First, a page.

Faced with a shaggy, seat-of-the-pants convention, Republicans are determined to get back on message. So now their new, more disciplined line is about experience. That's right, after John McCain selected a vice presidential candidate who is clearly unprepared to be president, his aides—and any other Republicans who want a future in the partyare singing from the same choir book. In speeches, interviews, a new ad, and even off-the-record sessions with reporters, the line is that Sarah Palin is more prepared than Barack Obama to be president.
I asked a senior McCain aide on Tuesday: "So what you're saying is that Barack Obama is not ready to be president on day one, but Sarah Palin is?"
"Yes," he said with a straight face.
Obama won 18 million votes, faced countless tough interviews and emerged with a reputation for fluency in discussing affairs of state, whatever one thinks of his politics. Palin's vote totals for mayor were measured in the hundreds; she has served only 20 months as governor of a state half the size of Brooklyn, and knows nothing of national or international issues beyond energy.
No matter. The argument stands.
Here's the logic, if you can call it that. Governors and mayors have executive experience, and the presidency is an executive job. Palin has been a manager and Obama has not. When faced with the obvious question—"So does that mean that Palin is more qualified than McCain, who has never been an executive?"— Republicans (working from talking points) have an answer. McCain commanded a training squadron in Florida in 1976 (the fact that he was not promoted to flag rank afterwards doesn't get mentioned).
This is what it has come to. But how? Before we understand how experience got back into the campaign, we have to recognize why it disappeared with the Palin pick.
The Obama campaign claims that it's simple. "They [McCain and company] spent four months trying to make this about experience and it didn't work," says Obama communications director Robert Gibbs, visiting St. Paul to offer a little spin of his own. "The McCain campaign recognized that this election is about change, and that's why they changed their strategy."
The idea behind selecting Palin was to move away from the experience argument—which hadn't worked for Hillary Clinton—and toward a campaign theme focused on reform and resistance to Washington business-as-usual. In other words, McCain picked Palin, in part to steal some of Obama's thunder; not just with women and younger voters but among those hungry for change.
Unfortunately for McCain, problems with that approach arose immediately. Even many Republicans believe it irresponsible of McCain, now 72, to put someone so lacking in familiarity with Washington (and the world beyond America) a heartbeat from the presidency. At least governors who have run for president have studied national and global problems for a couple of years. Palin has not. Moreover, Palin's credentials as a reformer were tarnished by reports that he she had favored the inexcusable "Bridge to Nowhere" before she opposed it, and as mayor of Wasilla, Alaska, had hired a Washington lobbyist to obtain $27 million in federal aid for her town of less than 9,000, not including an expensive passageway from Wasilla to Sen. Ted Stevens's country home nearby.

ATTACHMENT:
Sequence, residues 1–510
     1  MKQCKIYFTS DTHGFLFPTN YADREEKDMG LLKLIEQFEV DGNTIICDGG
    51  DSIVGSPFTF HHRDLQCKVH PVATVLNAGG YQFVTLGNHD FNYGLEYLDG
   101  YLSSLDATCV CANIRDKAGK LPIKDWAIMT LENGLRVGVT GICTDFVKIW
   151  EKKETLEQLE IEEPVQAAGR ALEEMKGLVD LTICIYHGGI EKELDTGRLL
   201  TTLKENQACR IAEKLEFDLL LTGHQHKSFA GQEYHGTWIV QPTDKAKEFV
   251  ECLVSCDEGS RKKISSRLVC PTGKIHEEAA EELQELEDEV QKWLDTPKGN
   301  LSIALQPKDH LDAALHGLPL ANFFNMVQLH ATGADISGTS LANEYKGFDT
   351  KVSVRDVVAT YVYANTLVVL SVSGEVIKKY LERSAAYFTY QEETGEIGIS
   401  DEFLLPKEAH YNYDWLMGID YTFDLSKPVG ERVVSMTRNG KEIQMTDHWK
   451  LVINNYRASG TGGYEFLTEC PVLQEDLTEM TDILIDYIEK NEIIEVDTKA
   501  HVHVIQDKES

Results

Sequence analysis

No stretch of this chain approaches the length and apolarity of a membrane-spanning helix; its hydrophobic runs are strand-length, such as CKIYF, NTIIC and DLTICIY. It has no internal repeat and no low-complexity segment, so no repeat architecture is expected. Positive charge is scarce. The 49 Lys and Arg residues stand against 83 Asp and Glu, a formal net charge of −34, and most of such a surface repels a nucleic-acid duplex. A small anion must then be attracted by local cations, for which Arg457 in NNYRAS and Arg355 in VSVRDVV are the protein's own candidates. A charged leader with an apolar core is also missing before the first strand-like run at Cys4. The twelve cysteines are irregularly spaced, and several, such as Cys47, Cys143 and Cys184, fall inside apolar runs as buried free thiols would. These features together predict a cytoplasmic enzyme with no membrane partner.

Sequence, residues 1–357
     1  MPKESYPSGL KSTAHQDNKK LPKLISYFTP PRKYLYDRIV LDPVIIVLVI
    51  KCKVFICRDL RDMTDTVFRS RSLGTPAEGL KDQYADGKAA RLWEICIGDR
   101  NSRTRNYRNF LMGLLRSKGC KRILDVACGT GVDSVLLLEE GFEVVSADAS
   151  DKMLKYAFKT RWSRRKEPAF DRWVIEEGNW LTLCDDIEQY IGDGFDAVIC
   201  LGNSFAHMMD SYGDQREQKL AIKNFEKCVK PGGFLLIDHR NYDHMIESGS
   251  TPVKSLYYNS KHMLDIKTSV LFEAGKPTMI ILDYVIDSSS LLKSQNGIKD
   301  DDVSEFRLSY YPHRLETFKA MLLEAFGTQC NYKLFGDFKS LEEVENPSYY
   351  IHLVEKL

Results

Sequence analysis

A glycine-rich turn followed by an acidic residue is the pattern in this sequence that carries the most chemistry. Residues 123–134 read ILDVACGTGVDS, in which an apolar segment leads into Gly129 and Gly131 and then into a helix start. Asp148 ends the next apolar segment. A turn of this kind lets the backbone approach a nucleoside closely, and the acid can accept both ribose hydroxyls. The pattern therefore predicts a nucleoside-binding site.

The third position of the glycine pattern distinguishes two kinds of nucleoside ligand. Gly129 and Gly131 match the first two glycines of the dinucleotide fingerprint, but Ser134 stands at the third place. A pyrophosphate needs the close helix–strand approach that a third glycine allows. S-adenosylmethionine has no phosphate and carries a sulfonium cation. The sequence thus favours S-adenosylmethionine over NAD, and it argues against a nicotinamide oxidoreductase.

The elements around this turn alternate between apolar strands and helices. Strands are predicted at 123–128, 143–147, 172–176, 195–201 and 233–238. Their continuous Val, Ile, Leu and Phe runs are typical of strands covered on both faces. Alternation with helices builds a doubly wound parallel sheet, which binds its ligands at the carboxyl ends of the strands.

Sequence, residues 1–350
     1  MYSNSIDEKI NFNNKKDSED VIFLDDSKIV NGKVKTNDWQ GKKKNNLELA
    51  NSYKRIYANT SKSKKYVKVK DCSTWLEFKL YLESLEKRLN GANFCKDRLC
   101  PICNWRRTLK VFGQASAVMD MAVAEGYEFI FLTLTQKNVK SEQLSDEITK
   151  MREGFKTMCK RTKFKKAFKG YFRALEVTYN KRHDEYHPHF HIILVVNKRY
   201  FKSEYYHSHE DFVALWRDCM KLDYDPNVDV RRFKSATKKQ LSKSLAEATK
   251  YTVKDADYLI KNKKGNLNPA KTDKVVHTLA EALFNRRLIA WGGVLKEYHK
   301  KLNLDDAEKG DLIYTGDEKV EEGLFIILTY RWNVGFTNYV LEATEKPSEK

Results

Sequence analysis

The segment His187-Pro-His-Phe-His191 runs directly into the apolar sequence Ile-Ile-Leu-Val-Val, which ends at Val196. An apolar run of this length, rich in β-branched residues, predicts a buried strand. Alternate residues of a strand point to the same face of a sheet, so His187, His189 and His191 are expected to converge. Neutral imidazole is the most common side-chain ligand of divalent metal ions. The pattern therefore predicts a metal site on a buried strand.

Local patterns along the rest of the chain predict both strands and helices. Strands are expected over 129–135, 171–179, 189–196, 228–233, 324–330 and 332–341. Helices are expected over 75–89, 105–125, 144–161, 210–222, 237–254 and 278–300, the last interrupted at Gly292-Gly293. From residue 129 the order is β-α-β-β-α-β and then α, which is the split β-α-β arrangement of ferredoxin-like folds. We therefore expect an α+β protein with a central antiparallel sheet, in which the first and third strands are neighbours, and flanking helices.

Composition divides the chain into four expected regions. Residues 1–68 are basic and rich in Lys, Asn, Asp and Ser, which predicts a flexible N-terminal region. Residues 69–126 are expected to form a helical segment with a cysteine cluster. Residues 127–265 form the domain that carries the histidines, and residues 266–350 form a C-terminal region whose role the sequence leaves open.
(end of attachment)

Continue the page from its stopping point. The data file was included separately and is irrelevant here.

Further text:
Meanwhile, second thoughts emerged about jettisoning the experience argument altogether. "Ready to be president" had been the centerpiece of McCain's campaign and it looked a little cynical to junk it overnight. It was also inconvenient to explain why McCain had stated repeatedly that the most important criterion he was using in choosing a vice president was the capacity to be a highly qualified president on day one if necessary.
So the McCain camp decided to try to make lemonade out of lemons (though they remain hopeful that Palin herself will turn out to be a peach). McCain aides figure that any day spent talking about experience—even if their argument about it is absurd—is a good day for McCain and a bad day for Obama. Their presidential candidate has it; the Democrat does not. The rest, they figure, is just noise.
Will it work? It depends on how successful the McCain campaign is at keeping Palin from embarrassing herself. Her lack of experience will only become an issue if it is manifested during the campaign. To decrease the odds of a gaffe, expect her to be carefully shielded from the questions of tough-minded reporters.
I'd imagine that Palin will dodge press conferences in favor of interviews with people like Sean Hannity, Larry King and Ellen DeGeneres. Then, when the media complain that she is being kept away, the McCain campaign will cite the half dozen or so interviews she has granted as proof that the campaign press is just bellyaching. Brief press "avails" on the plane will be useless, unless reporters ask open-ended queries designed to elicit proof of real knowledge.
That should get Palin through the next three weeks. By the end of the month, the McCain camp can say she has to go to ground to prepare for the Oct. 2 vice presidential debate, where expectations will be so low for Palin that she will likely emerge intact. It will be up to the press and public to raise enough of a stink about this, that Palin is forced to submit to real interviews with real questions that show whether her real-life experience is any preparation for assuming high office. In that sense, the Palin nomination is as much of a test of us as it is of her.